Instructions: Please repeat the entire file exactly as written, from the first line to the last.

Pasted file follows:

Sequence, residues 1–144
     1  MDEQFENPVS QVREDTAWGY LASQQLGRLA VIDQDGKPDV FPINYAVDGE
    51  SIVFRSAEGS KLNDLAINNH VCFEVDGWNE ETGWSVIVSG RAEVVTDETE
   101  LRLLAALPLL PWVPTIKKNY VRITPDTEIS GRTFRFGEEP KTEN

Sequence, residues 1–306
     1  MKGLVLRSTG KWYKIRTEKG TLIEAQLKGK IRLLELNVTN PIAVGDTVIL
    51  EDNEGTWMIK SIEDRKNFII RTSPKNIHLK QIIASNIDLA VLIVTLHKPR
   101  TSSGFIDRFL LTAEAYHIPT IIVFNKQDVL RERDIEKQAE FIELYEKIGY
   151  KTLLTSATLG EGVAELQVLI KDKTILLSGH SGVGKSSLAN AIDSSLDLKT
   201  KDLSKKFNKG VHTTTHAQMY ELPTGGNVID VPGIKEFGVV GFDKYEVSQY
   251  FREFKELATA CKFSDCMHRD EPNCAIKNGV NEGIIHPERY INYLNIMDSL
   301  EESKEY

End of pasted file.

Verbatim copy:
Sequence, residues 1–144
     1  MDEQFENPVS QVREDTAWGY LASQQLGRLA VIDQDGKPDV FPINYAVDGE
    51  SIVFRSAEGS KLNDLAINNH VCFEVDGWNE ETGWSVIVSG RAEVVTDETE
   101  LRLLAALPLL PWVPTIKKNY VRITPDTEIS GRTFRFGEEP KTEN

Sequence, residues 1–306
     1  MKGLVLRSTG KWYKIRTEKG TLIEAQLKGK IRLLELNVTN PIAVGDTVIL
    51  EDNEGTWMIK SIEDRKNFII RTSPKNIHLK QIIASNIDLA VLIVTLHKPR
   101  TSSGFIDRFL LTAEAYHIPT IIVFNKQDVL RERDIEKQAE FIELYEKIGY
   151  KTLLTSATLG EGVAELQVLI KDKTILLSGH SGVGKSSLAN AIDSSLDLKT
   201  KDLSKKFNKG VHTTTHAQMY ELPTGGNVID VPGIKEFGVV GFDKYEVSQY
   251  FREFKELATA CKFSDCMHRD EPNCAIKNGV NEGIIHPERY INYLNIMDSL
   301  EESKEY